Glass Redfish

Discussion in 'Arts and Literature' started by allenro, Mar 24, 2013.

  1. allenro Active Member

    Posts: 121
    Northeast coast.
    Ratings: +51 / 0
    A gentleman from Texas emailed my out of the blue looking for an 18" redfish. I think it came out nice but it seems the top fin got bumped during shipping and became a little loose. Have to figure out how to address that in the future.

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    GAT, Stonefish and Jackd like this.
  2. zen leecher aka bill w born to work, forced to fish

    Posts: 3,154
    Moses Lake, WA
    Ratings: +963 / 1
    One way would be to wrap it up and stuff it in an appropriate sized box. Then fill the space in the box with that expandable foam used for filling drafty spaces in houses.

    We bought a stone glazed jug back in Amish country one year and had it shipped out. How I described is how they shipped it. The wrapping serves to keep the foam from sticking to the shipped object.
  3. Jack Devlin Active Member

    Posts: 1,202
    Western Washington, Puget Sound area
    Ratings: +961 / 1
    That's a nice one. I was just talking about redfish (I always called them Drum) yesterday. Wondering how/what you used for the spots at the tail?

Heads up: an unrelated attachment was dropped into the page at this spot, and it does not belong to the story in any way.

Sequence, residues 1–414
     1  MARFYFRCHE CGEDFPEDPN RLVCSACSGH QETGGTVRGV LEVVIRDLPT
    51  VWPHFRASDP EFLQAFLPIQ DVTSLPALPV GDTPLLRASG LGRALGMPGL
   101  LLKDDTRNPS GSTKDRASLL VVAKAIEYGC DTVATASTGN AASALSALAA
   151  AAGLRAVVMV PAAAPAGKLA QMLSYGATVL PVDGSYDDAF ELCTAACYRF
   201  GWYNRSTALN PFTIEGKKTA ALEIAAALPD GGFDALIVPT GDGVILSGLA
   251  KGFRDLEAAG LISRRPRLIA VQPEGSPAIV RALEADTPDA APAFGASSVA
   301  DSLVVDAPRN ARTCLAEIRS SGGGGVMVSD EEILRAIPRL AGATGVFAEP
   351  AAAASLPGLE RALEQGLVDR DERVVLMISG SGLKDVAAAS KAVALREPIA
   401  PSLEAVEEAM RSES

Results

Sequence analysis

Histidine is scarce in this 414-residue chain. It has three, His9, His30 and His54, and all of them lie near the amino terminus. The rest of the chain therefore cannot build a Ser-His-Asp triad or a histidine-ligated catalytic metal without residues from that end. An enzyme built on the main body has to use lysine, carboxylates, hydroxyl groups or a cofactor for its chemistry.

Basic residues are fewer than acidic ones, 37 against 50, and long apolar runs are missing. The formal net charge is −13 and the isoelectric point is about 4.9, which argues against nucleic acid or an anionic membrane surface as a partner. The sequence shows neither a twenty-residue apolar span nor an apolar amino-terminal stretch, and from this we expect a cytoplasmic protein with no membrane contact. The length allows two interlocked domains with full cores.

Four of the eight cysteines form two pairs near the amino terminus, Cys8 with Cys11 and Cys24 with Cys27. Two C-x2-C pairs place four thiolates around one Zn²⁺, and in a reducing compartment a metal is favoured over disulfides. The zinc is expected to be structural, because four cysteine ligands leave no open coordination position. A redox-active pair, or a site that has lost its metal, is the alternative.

Jack
  4. allenro Active Member

    Posts: 121
    Northeast coast.
    Ratings: +51 / 0
    Spots are black enamel paint dotted on with a pencil eraser.

    Interesting idea with the foam - thanks bill.
  5. Steve Saville Active Member

    Posts: 2,489
    Tacoma, WA
    Ratings: +315 / 1
    Another way to ship it takes a bit more time but will protect your work much better. When complete, cut three pieces of quater inch plywood in a size that fits your shipping container. The middle piece can have a cut out the shape of your work while the other two can remain whole. Lay one piece down, then the cut out with the work and then a third piece on top like a sandwich. You can also pad it lightly. I'd take the time to screw the pieces together so they don't shift and then put them in the shipping container. Sounds intensive but having done some glass, it is far less work than the project itself and it will protect it well. You can add the price of the wood to the shipping cost and your buyer will appreciate the care you have taken, in my opinion. Nice job on the fish, by the way.